The Insurance Institute of Highway Safety (IIHS) says an older, larger used vehicle is often a safer choice for teenage drivers than a newer small vehicle that costs the same.
IIHS conducted a pair of front-to-front crash tests to demonstrate what happens to small cars and minicars — even new ones with top safety ratings — when they collide with larger used vehicles from the same manufacturer.
In each test, the vehicles traveled toward each other at 40 mph, with 50 percent of the smaller vehicle’s width overlapping the larger vehicle.
In the first of the two demonstration tests, a used 2016 Kia Sorento, a midsize SUV, and a 2018 Kia Forte, a small car, collided with each other. In the second test, a used 2015 Toyota Avalon, a large car, was paired with a 2018 Toyota Yaris iA, a minicar. Both the Sorento and the Avalon are in the IIHS’s Best Choices for teens list. The Forte and the Yaris iA have good ratings in the five IIHS tests relevant to driver protection, and the Forte is a 2018 Top Safety Pick+ winner.
Forces on the driver dummies in the smaller vehicles were much greater than those in the larger vehicles. Measurements indicated a high likelihood of head injuries for the driver of both the Yaris iA and the Forte in a real-world crash of the same severity. Right leg injuries would be likely in the Forte and possible in the Yaris iA. Neck and chest injuries would also be possible for drivers of both vehicles, and left leg injuries would be possible in the Forte.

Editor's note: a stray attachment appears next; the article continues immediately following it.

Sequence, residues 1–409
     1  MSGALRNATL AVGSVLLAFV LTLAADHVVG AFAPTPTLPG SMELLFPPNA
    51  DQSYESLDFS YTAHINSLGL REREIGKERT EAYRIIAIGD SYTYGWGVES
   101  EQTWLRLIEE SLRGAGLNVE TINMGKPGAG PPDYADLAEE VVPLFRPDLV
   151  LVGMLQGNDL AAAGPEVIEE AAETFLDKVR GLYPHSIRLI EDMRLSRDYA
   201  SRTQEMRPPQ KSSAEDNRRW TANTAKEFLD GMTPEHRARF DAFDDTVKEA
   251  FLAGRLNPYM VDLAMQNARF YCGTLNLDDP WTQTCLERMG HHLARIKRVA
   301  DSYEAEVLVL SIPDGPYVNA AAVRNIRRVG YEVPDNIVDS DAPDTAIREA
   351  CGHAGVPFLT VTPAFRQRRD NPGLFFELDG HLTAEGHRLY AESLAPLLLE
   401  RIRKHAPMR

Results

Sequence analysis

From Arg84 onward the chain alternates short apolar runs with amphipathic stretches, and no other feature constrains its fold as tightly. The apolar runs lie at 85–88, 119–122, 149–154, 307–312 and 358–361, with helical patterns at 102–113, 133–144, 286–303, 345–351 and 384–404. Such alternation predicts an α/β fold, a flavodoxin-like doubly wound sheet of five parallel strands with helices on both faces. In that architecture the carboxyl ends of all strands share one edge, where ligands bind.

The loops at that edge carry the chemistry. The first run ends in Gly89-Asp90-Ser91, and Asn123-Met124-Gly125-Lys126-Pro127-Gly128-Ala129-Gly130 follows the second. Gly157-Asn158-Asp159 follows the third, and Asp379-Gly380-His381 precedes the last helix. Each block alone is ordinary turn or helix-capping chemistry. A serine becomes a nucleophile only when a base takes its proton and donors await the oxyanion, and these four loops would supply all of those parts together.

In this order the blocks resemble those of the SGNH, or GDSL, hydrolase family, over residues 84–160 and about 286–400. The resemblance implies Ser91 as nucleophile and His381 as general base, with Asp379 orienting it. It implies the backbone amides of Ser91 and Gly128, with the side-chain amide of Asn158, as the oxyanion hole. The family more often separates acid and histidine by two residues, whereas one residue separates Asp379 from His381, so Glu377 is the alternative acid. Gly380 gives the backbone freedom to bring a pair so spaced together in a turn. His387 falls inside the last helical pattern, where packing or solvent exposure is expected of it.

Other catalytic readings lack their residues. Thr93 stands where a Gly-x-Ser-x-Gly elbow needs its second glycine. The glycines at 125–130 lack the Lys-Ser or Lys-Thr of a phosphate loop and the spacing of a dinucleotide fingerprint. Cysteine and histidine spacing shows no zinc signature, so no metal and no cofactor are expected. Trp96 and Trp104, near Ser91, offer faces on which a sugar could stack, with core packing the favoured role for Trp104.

“We know safety is just one of the factors people consider when choosing a vehicle, but we hope parents will give it extra consideration when purchasing a vehicle for a teenager,” said Jessica Cicchino, IIHS Vice President for Research. “Teen drivers are at greater risk, due to immaturity and inexperience behind the wheel.”
In its regular vehicle ratings program, IIHS evaluates passenger vehicles of all sizes, and even minicars are eligible for the Top Safety Pick and Top Safety Pick+ awards. IIHS says that’s a nod to the reality of the marketplace: some consumers want small vehicles, and including them in the testing program encourages manufacturers to make those vehicles as safe as possible.
But, according to IIHS, vehicles can’t be compared across size and weight classes because the severity of the front and rear tests is determined in part by the vehicle’s own weight. Consumers who opt for smaller vehicles are choosing a lower level of protection even if they purchase a Top Safety Pick winner.
The IIHS’s list of recommended vehicles for teens this year includes 53 Best Choices, which start under $20,000, and 62 Good Choices, which start under $10,000. All the models on both lists are midsize cars or larger.